With Dec. 21 rapidly approaching, panic and terror are escalating worldwide. Armageddon, Judgment Day, the Rapture … despite what you call it, it’s sure to mean one thing a colossal increase in canned food sales.
In 2006, the release of Daniel Pinchbeck’s book, “2012: The Return of Quetzalcoatl,” further propelled the widespread belief of a Mayan calendar-based apocalypse of catastrophic proportions. Since then, countless pseudoscientific doomsday books and disaster flicks have emerged, pumping superstitious fear into our skittish species’ consciousness. Luckily, thanks to scientists and scholars with a real understanding of Mayan culture, we have no reason to believe in such nonsense.
The Mesoamerican, or Mayan, Long Count calendar distinguished a day when they believed the world was created. (which in our Gregorian calendar is Aug. 11, 3114 B.C.). The calendar is divided into baktuns, each equivalent to about 400 years. The general consensus, according to Mayan legend, is that upon the end of the 13 baktun, the world as we know it will come to an end. This year’s winter solstice—Dec. 21, 2012—is that day.
In reality, the Mayan Long Count calendar stretches out indefinitely into the future. Experts agree that the calendar merely marks the end of one cycle and the beginning of another. This apocalyptic mentality was actually derived from the Judeo-Christian worldview—the Mayan people themselves never even believed in such a notion. Mayan cosmology did not contain the linear model of time that we incor- porate in modern Western society. Rather than beginnings and ends, they simply had cycles.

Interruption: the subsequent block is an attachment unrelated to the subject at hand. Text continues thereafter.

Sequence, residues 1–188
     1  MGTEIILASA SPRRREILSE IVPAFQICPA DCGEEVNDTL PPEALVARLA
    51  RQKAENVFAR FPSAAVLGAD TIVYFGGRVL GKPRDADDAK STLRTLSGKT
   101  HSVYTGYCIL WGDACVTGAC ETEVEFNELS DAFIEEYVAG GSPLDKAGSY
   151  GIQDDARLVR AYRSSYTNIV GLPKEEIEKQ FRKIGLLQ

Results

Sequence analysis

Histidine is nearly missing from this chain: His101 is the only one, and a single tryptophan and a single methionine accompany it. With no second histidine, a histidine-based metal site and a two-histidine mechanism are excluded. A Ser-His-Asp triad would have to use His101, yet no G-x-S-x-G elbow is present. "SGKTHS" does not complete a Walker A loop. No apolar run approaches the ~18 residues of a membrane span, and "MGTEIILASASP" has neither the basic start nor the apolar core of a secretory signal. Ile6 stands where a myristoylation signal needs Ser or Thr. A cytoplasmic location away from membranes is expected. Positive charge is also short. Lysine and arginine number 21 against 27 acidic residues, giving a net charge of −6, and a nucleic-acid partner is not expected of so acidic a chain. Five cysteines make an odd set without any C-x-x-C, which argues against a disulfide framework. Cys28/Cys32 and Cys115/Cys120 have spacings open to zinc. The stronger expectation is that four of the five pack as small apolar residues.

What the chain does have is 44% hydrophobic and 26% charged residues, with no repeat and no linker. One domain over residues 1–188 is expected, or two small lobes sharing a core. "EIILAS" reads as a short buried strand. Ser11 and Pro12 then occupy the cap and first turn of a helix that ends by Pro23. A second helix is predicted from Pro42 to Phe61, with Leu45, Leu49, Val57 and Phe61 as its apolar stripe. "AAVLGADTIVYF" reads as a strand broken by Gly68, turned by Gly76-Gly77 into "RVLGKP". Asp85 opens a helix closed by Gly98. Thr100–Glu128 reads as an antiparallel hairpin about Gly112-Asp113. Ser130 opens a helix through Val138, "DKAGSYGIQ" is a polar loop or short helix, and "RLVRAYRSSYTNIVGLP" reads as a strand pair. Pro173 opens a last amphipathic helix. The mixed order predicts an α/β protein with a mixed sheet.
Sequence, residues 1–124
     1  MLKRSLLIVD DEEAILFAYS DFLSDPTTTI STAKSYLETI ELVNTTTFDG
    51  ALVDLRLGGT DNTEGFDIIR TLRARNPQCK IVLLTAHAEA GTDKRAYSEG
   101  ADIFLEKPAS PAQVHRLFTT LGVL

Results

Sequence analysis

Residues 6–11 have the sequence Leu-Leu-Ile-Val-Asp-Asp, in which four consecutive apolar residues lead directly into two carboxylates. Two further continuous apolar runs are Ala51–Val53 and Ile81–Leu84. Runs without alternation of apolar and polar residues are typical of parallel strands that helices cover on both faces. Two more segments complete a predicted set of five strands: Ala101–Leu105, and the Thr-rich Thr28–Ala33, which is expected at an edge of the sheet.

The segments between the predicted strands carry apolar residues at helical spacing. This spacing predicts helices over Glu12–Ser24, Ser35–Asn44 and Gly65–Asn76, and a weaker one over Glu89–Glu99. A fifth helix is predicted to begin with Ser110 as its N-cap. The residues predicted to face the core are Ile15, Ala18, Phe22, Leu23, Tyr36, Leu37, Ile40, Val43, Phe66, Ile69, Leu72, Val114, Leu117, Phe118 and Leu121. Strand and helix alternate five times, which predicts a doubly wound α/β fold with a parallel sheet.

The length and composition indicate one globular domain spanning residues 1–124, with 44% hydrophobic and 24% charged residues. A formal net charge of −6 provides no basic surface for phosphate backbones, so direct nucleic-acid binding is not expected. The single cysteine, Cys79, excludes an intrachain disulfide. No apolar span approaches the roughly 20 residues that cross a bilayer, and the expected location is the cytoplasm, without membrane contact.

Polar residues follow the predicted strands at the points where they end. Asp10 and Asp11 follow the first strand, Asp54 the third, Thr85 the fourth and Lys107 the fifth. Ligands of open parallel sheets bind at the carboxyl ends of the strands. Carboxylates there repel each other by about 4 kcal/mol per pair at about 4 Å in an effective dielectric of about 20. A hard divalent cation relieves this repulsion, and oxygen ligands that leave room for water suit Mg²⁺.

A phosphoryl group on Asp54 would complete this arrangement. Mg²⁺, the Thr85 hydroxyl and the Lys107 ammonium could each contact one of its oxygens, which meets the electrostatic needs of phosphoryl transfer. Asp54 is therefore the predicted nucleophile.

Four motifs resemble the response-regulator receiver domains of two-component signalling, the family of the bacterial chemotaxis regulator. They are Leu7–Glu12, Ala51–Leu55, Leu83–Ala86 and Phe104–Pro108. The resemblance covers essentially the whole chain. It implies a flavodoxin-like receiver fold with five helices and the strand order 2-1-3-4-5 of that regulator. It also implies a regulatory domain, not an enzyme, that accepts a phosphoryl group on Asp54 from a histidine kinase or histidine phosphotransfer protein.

“The Mayan calendar is going to keep going for billions, trillions, octillions of years into the future,” David Stuart, an archaeologist at the University of Texas at Austin who worked on deciphering Mayan glyphs discovered inside the Guatemalan rainforest, said “Numbers we can’t even wrap our heads around.”
But even more important is to ask yourself, “What did the Mayans know about the future that we don’t?” Maybe the Mayans did have the ability to accurately predict man- kind’s fate but if so, shouldn’t they have foreseen their own demise? If fortune tellers have psychic abilities, why don’t we see them winning the lottery every year? You’d think that if these occult powers were actually real, we’d have crystalgazers run- ning the U.S country by now. Given the civilization’s decline and eventual collapse, the Mayans surely had no way of knowing what lay ahead in life other than through mere speculation.
Fortunately, the 2012 apocalypse is an outrageous claim that should not be taken seriously. However, it doesn’t mean you can breathe easy now – the four horsemen of the apocalypse haven’t dismounted quite yet. There are still plenty of other existential threats just around the corner for the human race and it will only take one of them to see us through. Things to be on the look- out for include nuclear annihilation, overpopulation, global warming, oil depletion, human infertility, the death of the sun, alien invasion, global pandemic, artificial intelligence uprising, ice age, bioterrorism, planetary collision and Milli Vanilli, just to name a few. Some might say that our odds don’t look too promising.
To conclude my sardonic commentary, rather than squandering our attention on irrational revelations which lack proof, mankind should focus on rectifying the real issues that threaten the world. Even if the climax of a 5,125-year cycle in the Mayan calendar isn’t a cataclysmic end of days, there are still numerous risks to our livelihood that loom in the imminent future. So, make sure to get yourself a nice, sturdy can opener, some iodine tablets and a warm pair of long johns, because winter is on its way.